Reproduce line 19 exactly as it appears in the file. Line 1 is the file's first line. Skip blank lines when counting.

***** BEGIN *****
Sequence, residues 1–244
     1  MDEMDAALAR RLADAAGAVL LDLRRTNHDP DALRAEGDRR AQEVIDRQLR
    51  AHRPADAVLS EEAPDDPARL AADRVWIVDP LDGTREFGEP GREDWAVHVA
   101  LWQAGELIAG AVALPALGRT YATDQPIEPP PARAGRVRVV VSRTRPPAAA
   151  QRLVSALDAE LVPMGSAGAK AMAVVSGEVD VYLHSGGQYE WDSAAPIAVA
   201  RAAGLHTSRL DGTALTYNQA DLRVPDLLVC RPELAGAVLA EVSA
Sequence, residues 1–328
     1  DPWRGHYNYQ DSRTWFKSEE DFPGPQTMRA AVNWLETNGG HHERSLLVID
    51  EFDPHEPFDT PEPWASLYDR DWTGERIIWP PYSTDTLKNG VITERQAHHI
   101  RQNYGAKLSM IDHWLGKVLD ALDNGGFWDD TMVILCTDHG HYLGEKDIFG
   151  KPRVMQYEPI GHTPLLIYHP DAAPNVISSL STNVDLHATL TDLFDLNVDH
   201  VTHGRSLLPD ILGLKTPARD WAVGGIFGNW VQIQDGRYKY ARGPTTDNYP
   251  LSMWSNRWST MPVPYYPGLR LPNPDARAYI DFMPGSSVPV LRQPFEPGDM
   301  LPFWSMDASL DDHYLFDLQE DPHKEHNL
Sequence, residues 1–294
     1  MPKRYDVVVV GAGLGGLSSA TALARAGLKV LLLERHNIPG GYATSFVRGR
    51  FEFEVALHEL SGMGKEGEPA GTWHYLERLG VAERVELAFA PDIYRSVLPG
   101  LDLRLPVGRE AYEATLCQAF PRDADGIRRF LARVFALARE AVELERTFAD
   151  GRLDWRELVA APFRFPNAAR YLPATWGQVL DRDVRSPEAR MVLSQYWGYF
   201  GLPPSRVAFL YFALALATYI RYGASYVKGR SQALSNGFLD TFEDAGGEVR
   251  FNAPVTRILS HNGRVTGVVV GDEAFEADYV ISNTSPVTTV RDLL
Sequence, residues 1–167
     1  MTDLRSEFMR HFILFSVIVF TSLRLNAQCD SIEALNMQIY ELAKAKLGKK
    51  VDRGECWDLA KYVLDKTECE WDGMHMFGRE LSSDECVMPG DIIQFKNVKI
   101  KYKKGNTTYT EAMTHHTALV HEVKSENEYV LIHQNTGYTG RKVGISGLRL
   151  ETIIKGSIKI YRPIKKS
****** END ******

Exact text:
   151  GRLDWRELVA APFRFPNAAR YLPATWGQVL DRDVRSPEAR MVLSQYWGYF